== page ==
Berlin court convicts Danish imam for seeking murder of ‘Zionist Jews’
The verdict said that Danish imam Sheikh Abu Bilal Ismail considered Jews as “criminals who kill prophets and children and Jews are worse than wild beasts in the world of the jungle."
By BENJAMIN WEINTHALUpdated: DECEMBER 10, 2015 04:42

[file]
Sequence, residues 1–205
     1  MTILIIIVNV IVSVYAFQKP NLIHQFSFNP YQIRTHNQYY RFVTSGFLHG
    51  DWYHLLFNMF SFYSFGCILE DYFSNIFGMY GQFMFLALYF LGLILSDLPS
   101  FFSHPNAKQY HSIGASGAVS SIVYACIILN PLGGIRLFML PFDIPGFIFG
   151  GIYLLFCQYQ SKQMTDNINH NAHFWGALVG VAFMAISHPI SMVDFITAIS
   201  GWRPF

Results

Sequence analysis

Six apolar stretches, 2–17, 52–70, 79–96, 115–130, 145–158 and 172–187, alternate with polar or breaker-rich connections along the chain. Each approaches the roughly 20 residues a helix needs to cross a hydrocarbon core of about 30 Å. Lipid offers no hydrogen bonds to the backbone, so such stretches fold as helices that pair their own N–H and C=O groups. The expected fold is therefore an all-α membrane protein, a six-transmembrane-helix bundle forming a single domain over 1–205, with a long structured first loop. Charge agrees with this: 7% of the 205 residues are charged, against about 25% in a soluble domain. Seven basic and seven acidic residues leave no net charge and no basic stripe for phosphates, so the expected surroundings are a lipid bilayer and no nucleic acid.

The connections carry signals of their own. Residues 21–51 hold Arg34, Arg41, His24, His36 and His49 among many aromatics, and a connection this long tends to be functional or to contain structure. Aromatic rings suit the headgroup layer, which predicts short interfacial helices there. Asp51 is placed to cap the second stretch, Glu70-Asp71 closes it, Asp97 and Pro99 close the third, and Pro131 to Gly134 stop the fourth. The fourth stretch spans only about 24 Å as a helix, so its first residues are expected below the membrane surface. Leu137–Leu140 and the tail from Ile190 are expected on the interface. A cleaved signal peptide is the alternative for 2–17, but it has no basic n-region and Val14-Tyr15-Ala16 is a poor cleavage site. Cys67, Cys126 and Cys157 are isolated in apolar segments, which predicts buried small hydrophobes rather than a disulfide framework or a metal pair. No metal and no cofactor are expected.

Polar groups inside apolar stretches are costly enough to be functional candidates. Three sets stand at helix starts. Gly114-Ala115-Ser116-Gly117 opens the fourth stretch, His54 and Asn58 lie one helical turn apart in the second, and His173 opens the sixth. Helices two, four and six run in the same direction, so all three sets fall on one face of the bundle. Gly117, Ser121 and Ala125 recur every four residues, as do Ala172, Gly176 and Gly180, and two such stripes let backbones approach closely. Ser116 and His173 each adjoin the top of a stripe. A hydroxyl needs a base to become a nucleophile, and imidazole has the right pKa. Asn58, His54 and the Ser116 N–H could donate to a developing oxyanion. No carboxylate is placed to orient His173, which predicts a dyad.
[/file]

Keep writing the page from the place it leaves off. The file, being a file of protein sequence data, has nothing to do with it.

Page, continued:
BERLIN – A German criminal court has fined Danish imam Sheikh Abu Bilal Ismail for incitement to hatred after convicting him of calling at a Berlin mosque for the extermination of Jews during Israel’s Operation Protective Edge.The Jerusalem Post obtained a copy of the 16-page court verdict on Tuesday.It said that Ismail had been fined €1,300 for delivering a fiery anti-Western and anti-Jewish sermon in July 2014 in which he said it was necessary to “destroy the Zionist Jews...,” and to “count them and kill them to the very last one. Don’t spare a single one of them...Make them suffer terribly.”The verdict said that Ismail considered Jews as “criminals who kill prophets and children and Jews are worse than wild beasts in the world of the jungle,” and that “Allah should kill Jews.”It found that Ismail, 47 and a father of nine, had delivered a “hostile and hate-filled view toward Jews as a population group in Germany.”Ismail, according the court, fulfilled the criteria of inciting hatred against Jews as well as non-Jewish groups in Germany. Ismail targeted “Jews with hatred, as well as all other non-Muslim groups living in Germany,” the verdict said.The court also said the Lebanese- born cleric had shown deep contempt for the United States and Europe in his sermon, and that his assault on European civilization and Zionists had met the definition of incitement.“Zionist Jews is not a fixed term. The term does not refer to all Jews who live in Israel... Zionism is a political current and also an opinion that one can or cannot have,” no matter where they live, the verdict said.Ismail delivered his sermon, which was videotaped, to a packed audience at al-Nur mosque, which is widely viewed as hotbed of radical Islamism. The court translated the sermon into German, and its contents make up 11 pages of the verdict.Ismail defended his sermon by saying the term “Zionist Jews” was directed at Israeli soldiers fighting in the Gaza Strip last year. He added that he lives peacefully with all religious groups in Denmark.
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